Biden’s 1915 remarks undermine future Turkey-Armenia relations -
Biden’s 1915 remarks undermine future Turkey-Armenia relations
As countries in the Caucasus eye cooperation and enhanced trade routes following the Nagorno-Karabakh conflict, Biden’s recognition of the 1915 events as a ‘genocide’ might have impeded this outcome, experts say
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New balances took shape in the Caucasus after Azerbaijan recently took back Armenian occupied territories in Nagorno-Karabakh, paving the way for regional stability, development and the reopening of transport links. Yet, as future cooperation between regional countries loomed, experts say that U.S. President Joe Biden’s statement recognizing the 1915 events as a “genocide” hampered the process.
“By locking in Turkey-Armenia relations around the 1915 events, it tried to hinder an atmosphere of peace in the Caucasus. Neither France nor the U.S. as the co-chairs of the Minsk Group were satisfied with the developments in the region. Therefore the U.S. refreshed the 1915 events to prevent possible normalization between Turkey and Armenia as well as regional peace,” Tutku Dilaver, an analyst at Center for Eurasian Studies (AVIM), told Daily Sabah.
Ankara and Yerevan did not establish formal diplomatic ties after Armenia declared independence in 1991. In 1993, Turkey closed its border with Armenia in response to the Armenian aggression in Karabakh.
Fresh clashes took place last year between former Soviet republics Armenia and Azerbaijan. Six weeks of fighting was brought to a close with a Russian-brokered cease-fire in November that saw Azerbaijan reclaim much of Nagorno-Karabakh along with surrounding areas that Armenia occupied during the 1990s war.
The Russia-brokered peace deal envisaged the reopening of transport routes, including a corridor linking Azerbaijan and its Nakhchivan exclave that borders Armenia, Turkey and Iran. Armenia, in turn, would be able to use transit routes to Russia and Iran via Azerbaijan's territory.
The peace agreement, which was celebrated in Azerbaijan as a major triumph, sparked outrage and mass protests in Armenia, where thousands repeatedly took to the streets demanding then-Prime Minister Nikol Pashinian's resignation.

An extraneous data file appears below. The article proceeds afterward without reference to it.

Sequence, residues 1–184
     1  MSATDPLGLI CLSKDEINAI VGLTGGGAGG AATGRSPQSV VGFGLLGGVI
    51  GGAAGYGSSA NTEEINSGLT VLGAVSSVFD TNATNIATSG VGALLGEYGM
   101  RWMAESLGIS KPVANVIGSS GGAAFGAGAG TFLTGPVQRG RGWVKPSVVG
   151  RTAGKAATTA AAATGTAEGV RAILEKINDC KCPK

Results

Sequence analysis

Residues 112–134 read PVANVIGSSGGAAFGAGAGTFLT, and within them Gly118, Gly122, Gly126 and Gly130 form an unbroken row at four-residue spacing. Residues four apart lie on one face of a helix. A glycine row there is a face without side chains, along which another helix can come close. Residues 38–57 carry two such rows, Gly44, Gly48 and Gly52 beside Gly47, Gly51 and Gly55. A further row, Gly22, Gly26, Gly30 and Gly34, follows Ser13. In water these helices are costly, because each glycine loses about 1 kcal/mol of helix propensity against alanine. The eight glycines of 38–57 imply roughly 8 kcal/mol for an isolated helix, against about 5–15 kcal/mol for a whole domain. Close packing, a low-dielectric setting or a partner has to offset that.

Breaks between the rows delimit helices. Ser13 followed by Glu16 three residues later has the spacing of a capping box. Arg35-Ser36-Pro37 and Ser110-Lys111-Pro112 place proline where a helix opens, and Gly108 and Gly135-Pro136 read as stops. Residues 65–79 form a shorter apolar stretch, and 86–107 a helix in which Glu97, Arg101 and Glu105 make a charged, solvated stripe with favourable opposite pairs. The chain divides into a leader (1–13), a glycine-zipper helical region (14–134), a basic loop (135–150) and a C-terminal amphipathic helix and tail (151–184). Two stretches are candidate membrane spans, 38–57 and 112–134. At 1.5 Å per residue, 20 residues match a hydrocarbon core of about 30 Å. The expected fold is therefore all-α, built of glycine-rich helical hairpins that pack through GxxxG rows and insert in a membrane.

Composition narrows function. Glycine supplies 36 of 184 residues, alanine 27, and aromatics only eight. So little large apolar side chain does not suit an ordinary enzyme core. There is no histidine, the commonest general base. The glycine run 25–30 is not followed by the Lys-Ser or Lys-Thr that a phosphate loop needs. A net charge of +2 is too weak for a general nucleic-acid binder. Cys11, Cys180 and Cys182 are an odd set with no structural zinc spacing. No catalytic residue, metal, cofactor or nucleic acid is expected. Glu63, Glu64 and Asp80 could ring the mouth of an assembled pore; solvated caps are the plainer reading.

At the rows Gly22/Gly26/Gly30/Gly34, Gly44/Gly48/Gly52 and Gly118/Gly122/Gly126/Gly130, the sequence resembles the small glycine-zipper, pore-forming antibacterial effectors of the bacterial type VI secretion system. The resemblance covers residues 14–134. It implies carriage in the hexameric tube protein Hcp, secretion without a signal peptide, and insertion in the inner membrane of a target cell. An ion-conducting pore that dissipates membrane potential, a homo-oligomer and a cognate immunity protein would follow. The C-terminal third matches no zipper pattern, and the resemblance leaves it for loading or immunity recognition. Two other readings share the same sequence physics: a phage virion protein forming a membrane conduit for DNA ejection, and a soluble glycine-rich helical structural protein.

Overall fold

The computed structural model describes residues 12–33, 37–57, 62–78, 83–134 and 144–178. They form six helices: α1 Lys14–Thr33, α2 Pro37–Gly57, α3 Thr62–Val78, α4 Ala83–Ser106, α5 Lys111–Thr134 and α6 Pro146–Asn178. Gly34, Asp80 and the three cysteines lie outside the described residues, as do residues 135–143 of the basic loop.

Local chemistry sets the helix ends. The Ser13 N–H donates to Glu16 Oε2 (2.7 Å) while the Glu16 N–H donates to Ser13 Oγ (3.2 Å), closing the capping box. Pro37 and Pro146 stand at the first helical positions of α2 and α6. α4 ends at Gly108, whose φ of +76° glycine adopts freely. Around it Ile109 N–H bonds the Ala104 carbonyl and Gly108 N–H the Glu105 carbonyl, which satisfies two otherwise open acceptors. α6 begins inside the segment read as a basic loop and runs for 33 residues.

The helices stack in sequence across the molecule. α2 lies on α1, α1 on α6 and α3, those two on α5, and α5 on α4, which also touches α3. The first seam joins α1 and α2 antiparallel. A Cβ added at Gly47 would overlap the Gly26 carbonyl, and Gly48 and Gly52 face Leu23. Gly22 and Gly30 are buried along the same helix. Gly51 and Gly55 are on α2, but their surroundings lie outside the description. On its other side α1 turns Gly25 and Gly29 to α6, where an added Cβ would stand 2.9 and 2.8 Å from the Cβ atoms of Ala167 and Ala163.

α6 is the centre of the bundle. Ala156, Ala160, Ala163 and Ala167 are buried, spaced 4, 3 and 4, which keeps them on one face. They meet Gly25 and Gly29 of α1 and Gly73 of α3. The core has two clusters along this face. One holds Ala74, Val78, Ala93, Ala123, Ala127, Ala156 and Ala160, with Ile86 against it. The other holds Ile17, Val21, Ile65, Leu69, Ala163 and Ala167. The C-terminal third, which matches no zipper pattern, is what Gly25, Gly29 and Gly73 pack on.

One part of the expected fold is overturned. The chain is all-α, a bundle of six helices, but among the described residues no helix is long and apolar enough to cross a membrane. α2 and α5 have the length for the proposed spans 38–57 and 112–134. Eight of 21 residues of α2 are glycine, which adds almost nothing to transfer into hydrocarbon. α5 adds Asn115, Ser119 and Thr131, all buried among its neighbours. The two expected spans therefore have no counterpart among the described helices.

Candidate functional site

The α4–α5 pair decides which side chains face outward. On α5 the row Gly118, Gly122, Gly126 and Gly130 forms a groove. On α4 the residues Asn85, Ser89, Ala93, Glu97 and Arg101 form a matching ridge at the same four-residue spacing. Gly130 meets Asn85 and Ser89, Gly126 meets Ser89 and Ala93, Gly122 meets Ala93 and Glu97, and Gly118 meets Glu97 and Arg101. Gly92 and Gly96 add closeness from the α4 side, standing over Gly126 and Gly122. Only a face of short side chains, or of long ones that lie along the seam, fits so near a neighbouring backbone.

Dilaver explained that in this new equation in the Caucasus where actors eyed further regional cooperation, the April 24 statement of Biden was a mishap. She reiterated that one of the issues of disagreement between Yerevan and Ankara was both countries’ contradictory theses of the 1915 events. Biden’s move aimed to increase the pressure on Armenia, Dilaver continued, indicating the significance the diaspora constitutes for Armenia’s economy.
Conversely, Fuad Shahbaz, a Baku-based senior analyst, stated that while Biden’s words will not have a long-term effect on relations, they will “increase the Pashinian government’s image and give additional means to put pressure on his opponents.”
I expect some positive outcomes on the Nakhchivan corridor and on the Armenia, Turkey, Azerbaijan cooperation format very soon, Shahbaz told Daily Sabah.
Turkey has become a vital actor in the South Caucasus, especially during its support for Azerbaijan and through the coordination of a joint observation center with Russia, which will supervise the recent cease-fire agreement.
Now, work is underway to clear the retaken territories of land mines, repair infrastructure destroyed in the fighting and work on transit routes for the region that have been paralyzed for nearly three decades amid a conflict.
With the opening of new transportation lines, the rebuilding of liberated cities and the restoration of historical monuments, Azerbaijan intends to transform the region into an economic and tourism hub.
Meeting two months after a cease-fire was declared for the Caucasus' Nagorno-Karabakh region, the leaders of Russia, Azerbaijan and Armenia signed a pact to develop economic ties and infrastructure to benefit the entire region.
Turkey eyes inclusive cooperation